How's your memory? If you want to prolong your brain's functioning and your life, then you need to know about tangles and brain plaque, formations in your brain that may cause Alzheimer's.
Have you heard of tangles and plaques? (And we're not talking about the hair or teeth variety.)
Your brain may have the beginnings of tangles and brain plaque that lead to forgetfulness, Alzheimer's, and eventually death. Fortunately, there are some easy ways to keep tangles and plaques from killing your valuable brain cells so that you live a long and healthy life!
What Are Tangles and Plaques?
Neurofibrillary tangles and beta amyloid plaques are found in abnormal amounts in the brains of people who die from Alzheimer's, but to some extent, everyone eventually has some of these structures in their brains.
- Tangles are twisted fibers that build up inside your nerve cells.
- Plaques are dense and insoluble deposits of sticky proteins outside and around your neurons.
Both tangles and brain plaque cause the nerve cells in your brain to stop working, lose connection with other nerve cells, and eventually die. Tangles and plaque build up in areas of your brain that control memory, personality, and day-to-day functioning.
But getting older does not mean that you will develop a dangerous amount of tangles and brain plaques, lose your memory or develop Alzheimer's.
In fact, your choices may affect your brain's health years from now.
Activity for Alzheimer's
New studies are showing that you may be able to prevent and slow down the development of tangles and brain plaque with changes in your diet and lifestyle.
Here are 3 important steps to keep your memory sharp:
- Exercise. Research shows that your body may have the ability to clear sticky proteins that cause Alzheimer's. Exercise increases blood flow to the brain, decreases cortisol, boosts your immunity and increases the number of synaptic connections between your brain cells.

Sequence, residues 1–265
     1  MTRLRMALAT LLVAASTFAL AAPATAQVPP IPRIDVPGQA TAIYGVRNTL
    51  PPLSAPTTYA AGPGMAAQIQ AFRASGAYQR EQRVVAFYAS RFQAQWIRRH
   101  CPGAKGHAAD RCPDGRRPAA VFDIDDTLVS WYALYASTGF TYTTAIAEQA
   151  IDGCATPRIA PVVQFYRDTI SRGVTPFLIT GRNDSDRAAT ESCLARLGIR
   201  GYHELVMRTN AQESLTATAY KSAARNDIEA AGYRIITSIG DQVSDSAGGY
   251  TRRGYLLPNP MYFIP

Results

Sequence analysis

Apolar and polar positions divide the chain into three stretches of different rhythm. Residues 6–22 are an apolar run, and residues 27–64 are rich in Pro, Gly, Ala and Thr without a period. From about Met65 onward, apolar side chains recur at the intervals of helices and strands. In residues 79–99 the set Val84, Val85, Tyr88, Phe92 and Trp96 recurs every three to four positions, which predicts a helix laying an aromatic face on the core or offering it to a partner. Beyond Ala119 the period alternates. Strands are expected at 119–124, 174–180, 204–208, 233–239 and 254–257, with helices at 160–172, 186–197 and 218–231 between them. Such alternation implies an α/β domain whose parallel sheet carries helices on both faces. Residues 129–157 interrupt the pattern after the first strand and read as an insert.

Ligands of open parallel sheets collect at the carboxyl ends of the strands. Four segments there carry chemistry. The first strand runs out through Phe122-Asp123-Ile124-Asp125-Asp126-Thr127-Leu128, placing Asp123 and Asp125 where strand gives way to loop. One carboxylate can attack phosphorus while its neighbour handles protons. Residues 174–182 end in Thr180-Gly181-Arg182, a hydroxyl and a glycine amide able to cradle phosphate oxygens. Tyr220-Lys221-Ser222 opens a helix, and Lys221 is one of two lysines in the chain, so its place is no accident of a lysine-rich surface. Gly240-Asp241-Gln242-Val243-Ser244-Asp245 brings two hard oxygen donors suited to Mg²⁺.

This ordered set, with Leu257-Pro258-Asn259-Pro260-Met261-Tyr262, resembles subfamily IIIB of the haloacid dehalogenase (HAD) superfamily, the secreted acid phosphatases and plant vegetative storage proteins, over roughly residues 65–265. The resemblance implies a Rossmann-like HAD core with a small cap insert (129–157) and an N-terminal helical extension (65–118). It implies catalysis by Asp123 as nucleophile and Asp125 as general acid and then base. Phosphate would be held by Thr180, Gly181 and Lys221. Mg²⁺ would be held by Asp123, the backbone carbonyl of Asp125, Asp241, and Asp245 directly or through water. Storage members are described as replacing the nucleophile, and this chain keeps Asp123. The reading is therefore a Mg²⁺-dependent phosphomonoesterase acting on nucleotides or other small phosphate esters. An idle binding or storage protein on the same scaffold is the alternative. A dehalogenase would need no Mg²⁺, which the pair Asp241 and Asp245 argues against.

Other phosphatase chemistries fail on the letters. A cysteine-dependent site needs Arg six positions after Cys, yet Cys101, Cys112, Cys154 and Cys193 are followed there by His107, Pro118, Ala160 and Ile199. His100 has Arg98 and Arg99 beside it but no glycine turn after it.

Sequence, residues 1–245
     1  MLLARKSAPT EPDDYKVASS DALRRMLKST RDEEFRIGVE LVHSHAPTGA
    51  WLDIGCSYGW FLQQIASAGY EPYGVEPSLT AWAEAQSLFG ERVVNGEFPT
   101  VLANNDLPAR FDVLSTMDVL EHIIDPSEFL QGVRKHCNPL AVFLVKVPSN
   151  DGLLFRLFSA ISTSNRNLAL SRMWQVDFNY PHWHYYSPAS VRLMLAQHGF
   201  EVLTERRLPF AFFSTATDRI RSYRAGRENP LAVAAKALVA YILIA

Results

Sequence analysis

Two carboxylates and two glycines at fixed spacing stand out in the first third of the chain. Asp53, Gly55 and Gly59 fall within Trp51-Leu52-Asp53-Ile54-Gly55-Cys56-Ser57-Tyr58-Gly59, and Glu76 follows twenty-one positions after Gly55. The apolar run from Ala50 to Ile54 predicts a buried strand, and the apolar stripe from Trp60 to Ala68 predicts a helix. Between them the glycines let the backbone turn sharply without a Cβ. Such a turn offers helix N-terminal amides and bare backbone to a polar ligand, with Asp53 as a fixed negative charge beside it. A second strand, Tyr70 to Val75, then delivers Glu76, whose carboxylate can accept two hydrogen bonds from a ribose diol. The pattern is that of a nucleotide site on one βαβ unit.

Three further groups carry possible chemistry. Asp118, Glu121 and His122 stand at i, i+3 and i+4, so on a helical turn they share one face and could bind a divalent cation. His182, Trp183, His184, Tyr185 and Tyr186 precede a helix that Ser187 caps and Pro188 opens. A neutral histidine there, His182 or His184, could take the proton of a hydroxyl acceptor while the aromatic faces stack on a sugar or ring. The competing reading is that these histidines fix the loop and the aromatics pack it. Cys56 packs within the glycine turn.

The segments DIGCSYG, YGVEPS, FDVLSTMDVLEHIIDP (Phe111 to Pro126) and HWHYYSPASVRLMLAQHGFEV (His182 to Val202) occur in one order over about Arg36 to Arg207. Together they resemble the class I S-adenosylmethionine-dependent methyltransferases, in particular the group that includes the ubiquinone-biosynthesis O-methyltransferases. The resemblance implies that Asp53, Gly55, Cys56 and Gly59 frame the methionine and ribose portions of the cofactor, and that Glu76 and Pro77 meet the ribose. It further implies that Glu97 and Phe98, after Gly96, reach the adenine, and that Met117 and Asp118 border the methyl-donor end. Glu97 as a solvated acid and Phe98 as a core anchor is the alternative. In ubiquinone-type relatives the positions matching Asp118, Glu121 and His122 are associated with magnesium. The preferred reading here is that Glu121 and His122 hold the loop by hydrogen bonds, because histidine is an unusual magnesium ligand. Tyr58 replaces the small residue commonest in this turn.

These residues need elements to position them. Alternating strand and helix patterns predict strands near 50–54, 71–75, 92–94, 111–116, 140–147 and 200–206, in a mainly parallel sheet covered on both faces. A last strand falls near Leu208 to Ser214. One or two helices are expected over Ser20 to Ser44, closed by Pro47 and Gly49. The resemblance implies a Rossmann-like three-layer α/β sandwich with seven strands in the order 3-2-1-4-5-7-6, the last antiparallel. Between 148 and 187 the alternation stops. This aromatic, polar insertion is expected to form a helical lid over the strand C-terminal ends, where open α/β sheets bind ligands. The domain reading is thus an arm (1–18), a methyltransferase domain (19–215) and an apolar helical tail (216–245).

- Keep your heart healthy. There is a connection between Alzheimer's and heart disease, so make sure your blood pressure and cholesterol are at reasonable levels. The Body Ecology program is great for improving heart health because it emphasizes antioxidant-rich, probiotic foods, lots of vegetables and a variety of high-quality healthy oils and fats.
- Stay mentally active. That means reading, crossword puzzles, socializing. Do whatever activities you enjoy that make you think, interactand use those neurons.
Brain plaque, sticky proteins, and dense tangles eventually develop in most people, but you can do your best to keep them from affecting your life. Choosing to live a Body Ecology lifestyle is the perfect way to positively impact your current and future health. Our program was specifically designed to help your body heal itself and to prevent aging.
Jumping on a mini-trampoline (rebounder) is one of the best exercises you can do for your body. This no-impact activity stimulates blood flow, digestion and synaptic connections in your brain that are essential for optimal brain functioning. Softbounce rebounders from Needak are the best rebounders on the market. Get yours and get going today!
With exercise being such an important component for brain health, we recommend rebounding.
This easy, convenient and fun exercise is no-impact and perfect for all fitness levels!
- Jump start your metabolism
- Detox your body
- Encourage lymph drainage
- Improve your digestion
- Relieve constipation
- Strengthen your cardiovascular system
- Increase blood flow
If you are in the market for your very own rebounder, we recommend Softbounce rebounders from Needak. They offer the highest quality, American-made mini-trampolines on the market. They even come with an optional hand rail if you want to reduce your risk for injury.
Tangles, sticky proteins and brain plaques do not have to mean forgetfulness, Alzheimer's and early death. With plenty of activity (both the mental and physical varieties) as well as a healthy diet, you may reduce the likelihood that you develop these formations in your brain and prolong your healthy life.
Jarvik, Elaine, "Key to Alzheimer's may be exercise," Deseret News, 8 Sep 2006. http://findarticles.com/p/articles/mi_qn4188/is_20061208/ai_n16897883
2 De-Gunking is Alzheimer's Focus, CBSNews.com. 7 Sep, 2004. http://www.cbsnews.com/stories/2004/09/07/health/main641672.shtml
"Researchers find evidence that brain 'plaque' causes Alzheimer's," CNN.com.
"Research into sticky protein helps explain Alzheimer's," Associated Press, 22 Sep 2006. http://www.sptimes.com/2006/09/22/Worldandnation/Research_into_sticky_.shtml
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